Go Fish! is arguably the absolute most common card game children play. Take this game, with rules well ingrained and turn it into some fun math card games, and your child may never even know you are making them do extra math work at home!
Review the rules: Use a standard deck of cards. Deal out five cards, spread the rest on the table. Take turns asking, “Do you have an _____?” If they have it, you get an extra turn, if not, you pick from the cards on the table. If you pick up what you asked for, show it and get another turn. A book all four cards the same number. Anytime you make a book, place it on the table and get another turn. Scoring is five points for each number card, ten points for each face card and fifteen for an ace.
For these Go Fish! fun math games, an ace is counted as a one. Decide about the face cards depending on the age of the child. When they are ready for multiplying by 11, 12 and 13 that is fine. Otherwise they can used as bonus cards where they do not have to do any math. Make adjustments the best way you can to make math more fun while playing.
Variation 1: When they put the book down they have to do something with the numbers. At first it will be counting them, then as they get older add them together. Then it can be a mixture of adding and subtracting. Finally once they are older it can be a combination of the four operations. Teacher supply stores have blank spinners and blank dice where you write whatever you want on them. Write the different operations and a wild for “choose your own operation.” For this math card game a free turn does not work, so the last one could be roll or spin again.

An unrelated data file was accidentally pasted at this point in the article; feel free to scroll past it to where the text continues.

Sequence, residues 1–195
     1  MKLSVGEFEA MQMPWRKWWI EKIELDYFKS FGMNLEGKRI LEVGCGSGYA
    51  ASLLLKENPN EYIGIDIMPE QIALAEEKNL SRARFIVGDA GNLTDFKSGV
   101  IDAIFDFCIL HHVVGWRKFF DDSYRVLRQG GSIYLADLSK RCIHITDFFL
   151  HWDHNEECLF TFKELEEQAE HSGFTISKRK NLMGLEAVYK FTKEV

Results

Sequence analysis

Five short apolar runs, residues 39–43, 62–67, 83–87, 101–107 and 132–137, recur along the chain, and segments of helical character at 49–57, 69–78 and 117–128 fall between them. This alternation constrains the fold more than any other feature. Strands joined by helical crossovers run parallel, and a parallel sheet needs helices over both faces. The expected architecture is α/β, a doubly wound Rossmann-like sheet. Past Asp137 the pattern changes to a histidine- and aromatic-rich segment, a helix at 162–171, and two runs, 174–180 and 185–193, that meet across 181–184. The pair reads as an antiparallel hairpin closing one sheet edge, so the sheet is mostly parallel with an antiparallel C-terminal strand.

Variation 2: Review multiplication facts by designating a game as “3 tables day” or “6 tables day” and so forth. Every time someone asks for a number they must multiply that number by the designated game number. On six table day, when they put a book down they will also say, “I have a book of sixes; and six times six is thirty-six.”
Variation 3: This variation is just with scoring. Play the game as usual. When finished, add up the points as usual. Then have them spread all their cards on the table and see how many math family groupings they can create, give 5 bonus points for each grouping. For this the Jack is 11, Queen 12 and King is 13. So, 2,3,5 is a group 9.3,Q is a group. They state the group and all the facts that can be made with them, 2+3=5; 3+2=5; 5-2=3; 5-3=2 There might even be some advanced grouping based on factors, 2,3,4,6,8 Q group are all factors of 24.
Taking a common card game and adapting it to give extra math practice and making math more fun for your child is easy to do! Children in one family at different levels can play the same fun math card game with different expectations based on ability.
Sue Gnagy Fegan used a structured, sequential multisensory teaching approach for the past 34 years. She saw first hand the benefits of engaging students in productive, hands on activities in class. She created and has presented Make it Fun! Make it Challenging! Make it Multisensory! workshop at conferences across the country.